According to the nutrition information, each mushroom has numerous unique polysaccharides. This is especially cool because our immune system cell membranes have specific receptors for these fungal polysaccharides.
It's like our bodies were made to eat mushrooms.
These starches aren’t the same as saying sweet potato or brown rice and elicit no caloric impact at all.
Instead, these beta glucan compounds “speak” to our immune system, supporting a healthy immune response.
This benefits the individuals with insulin resistance and type-2 diabetes as there is zero impact on blood glucose.
Specifically, Maitake mushroom contains a beta glucan (D-fraction) that has shown to improve glucose tolerance, improve uptake, and help stabilize blood sugar (3).
Chitin is the starch that makes up the mycelium and mushroom cell wall.
Chitin also accounts for mushrooms’ unique texture and shapes. Chitin elicits both an innate and adaptive immune response and provides anti-bacterial and antioxidant benefits, improving one’s health (4).
Further, the nutrition information shows that mushrooms have no carbohydrate content.
They improve blood sugar, cholesterol levels, the immune system, support weight loss, hormone balance, and provide a unique source of fiber to support healthy cholesterol, liver detoxification, gut health, and nutrition.
Mushrooms virtually contain no fat. Only the lipids within the mushroom being in their cell walls.
Or in the case of Shiitake mushroom, they contain fat-soluble vitamins like Vitamin D that contribute zero calorie intake.
The nutrition information shows that mushrooms and superfoods don’t contain a lot of macronutrients. Instead, they are rich in micronutrients–vitamins, minerals, and enzymes that enable our body to thrive.
Culinary mushrooms are also rich in choline – somewhat of a B vitamin crucial to the creation, metabolism, and transport of lipids in the body.
Choline is especially required for proper nerve transmission, a healthy nervous system, brain health, cell signaling, and nervous system function, making mushrooms a key food choice for getting more choline into your diet and having positive health effects.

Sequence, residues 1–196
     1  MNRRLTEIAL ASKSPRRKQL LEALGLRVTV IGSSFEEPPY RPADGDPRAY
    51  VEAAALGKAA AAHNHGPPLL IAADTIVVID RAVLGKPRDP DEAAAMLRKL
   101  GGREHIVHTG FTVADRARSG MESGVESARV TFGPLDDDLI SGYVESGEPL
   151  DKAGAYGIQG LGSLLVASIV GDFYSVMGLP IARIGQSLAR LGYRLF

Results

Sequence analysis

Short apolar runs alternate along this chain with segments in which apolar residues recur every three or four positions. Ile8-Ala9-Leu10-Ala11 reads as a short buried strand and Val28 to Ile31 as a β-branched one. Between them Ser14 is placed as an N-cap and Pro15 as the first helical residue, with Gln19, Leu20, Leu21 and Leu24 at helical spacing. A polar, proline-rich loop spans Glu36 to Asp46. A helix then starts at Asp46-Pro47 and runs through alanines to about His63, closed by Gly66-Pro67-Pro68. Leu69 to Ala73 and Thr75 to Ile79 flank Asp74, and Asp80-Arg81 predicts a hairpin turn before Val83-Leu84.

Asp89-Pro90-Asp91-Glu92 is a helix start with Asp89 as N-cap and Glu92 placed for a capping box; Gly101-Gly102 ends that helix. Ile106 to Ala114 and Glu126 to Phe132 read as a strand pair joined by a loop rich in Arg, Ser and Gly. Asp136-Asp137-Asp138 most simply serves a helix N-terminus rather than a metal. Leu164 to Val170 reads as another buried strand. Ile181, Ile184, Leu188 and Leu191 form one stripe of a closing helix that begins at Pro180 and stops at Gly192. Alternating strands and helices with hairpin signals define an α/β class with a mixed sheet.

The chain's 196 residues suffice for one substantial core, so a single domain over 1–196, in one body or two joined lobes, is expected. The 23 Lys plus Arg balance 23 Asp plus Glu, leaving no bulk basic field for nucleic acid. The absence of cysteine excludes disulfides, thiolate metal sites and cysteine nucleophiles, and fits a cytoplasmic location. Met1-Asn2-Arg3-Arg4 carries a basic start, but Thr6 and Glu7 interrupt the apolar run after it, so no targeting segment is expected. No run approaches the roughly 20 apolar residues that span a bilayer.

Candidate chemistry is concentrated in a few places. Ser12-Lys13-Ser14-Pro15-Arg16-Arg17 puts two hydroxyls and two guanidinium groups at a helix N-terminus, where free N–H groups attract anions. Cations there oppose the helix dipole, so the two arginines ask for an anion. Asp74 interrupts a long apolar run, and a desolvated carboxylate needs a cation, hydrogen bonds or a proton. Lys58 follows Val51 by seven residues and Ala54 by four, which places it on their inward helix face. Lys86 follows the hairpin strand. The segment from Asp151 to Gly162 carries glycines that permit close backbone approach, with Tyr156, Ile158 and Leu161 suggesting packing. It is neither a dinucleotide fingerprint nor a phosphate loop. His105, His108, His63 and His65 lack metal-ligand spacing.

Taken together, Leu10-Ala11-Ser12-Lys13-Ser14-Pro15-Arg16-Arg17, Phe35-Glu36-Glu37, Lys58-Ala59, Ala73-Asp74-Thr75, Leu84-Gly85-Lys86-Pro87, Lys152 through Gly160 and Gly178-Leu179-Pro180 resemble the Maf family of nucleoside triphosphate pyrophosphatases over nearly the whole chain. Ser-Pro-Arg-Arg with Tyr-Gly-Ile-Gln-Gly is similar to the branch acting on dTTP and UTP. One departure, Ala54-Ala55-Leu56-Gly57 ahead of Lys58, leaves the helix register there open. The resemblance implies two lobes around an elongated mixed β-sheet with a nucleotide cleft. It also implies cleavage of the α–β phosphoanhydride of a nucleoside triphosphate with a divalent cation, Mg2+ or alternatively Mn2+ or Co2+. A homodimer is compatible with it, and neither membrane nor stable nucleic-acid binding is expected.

Mushrooms are unique because they’re part of the fungi kingdom.
Mushrooms are not classified as a plant or animal, and thus their biochemical makeup and nutrient density, compared to other plant foods are literally out of this world.
The nutrient data shows that mushrooms are low in calories and therefore, provide very little calorie intake.
Mushrooms are incredibly nutrient-rich and provide amino acids, fiber, and numerous minerals and vitamins without any caloric or blood sugar impacts.
This makes mushrooms perfect for those who are conscious about losing weight, have high cholesterol levels, high blood glucose levels, are mindful of their calorie intake and glycemic index.
Or for those who are wanting to boost their health, nervous system, and immune system.
Vitamins and Minerals
The health information of B vitamins tell us they are a family of water-soluble vitamins. These include Thiamin, Riboflavin, Niacin, Pantothenic Acid, Pyridoxine, Folate, and Cobalamin, with Biotin often added in as a B vitamins.
B vitamins are the most foundational vitamins to our wellbeing and are involved in every facet of our being–whether it’s energy production, macronutrient utilization, detoxification, muscle contraction – B vitamins are front and center of every biological process.
Some key benefits of consuming B vitamins include;
- Increased energy through supporting mitochondrial function
- Supports and enables detoxification
- Helps balance sex hormones
- Supports Thyroid hormone conversion
- Supports muscle contraction and recovery
- Supports cognition and brain function
- Supports Neurotransmitter creation and mood regulation
- Supports the central nervous system and buffers the stress response
- Supports healthy skin
- Enables cell replication and division
- Enables protein metabolism
- Supports healthy iron levels and cardiovascular health
- Supports healthy pregnancy and fertility
In my personal opinion, we always want to obtain B vitamins first from whole food sources, as this is the bioavailable form of B vitamins that our bodies have evolved to know and consume.
On top of this, when it comes to supplementation, the health information recommends choosing an activated B vitamins supplement is much more advantageous as they’re already “methylated” and in active forms, our body can use.
For those with low energy, mushrooms containing high B-vitamins may be an excellent food source to increase energy levels.
Folate is often associated with fertility and conception, but folate is much more than a pregnancy vitamin.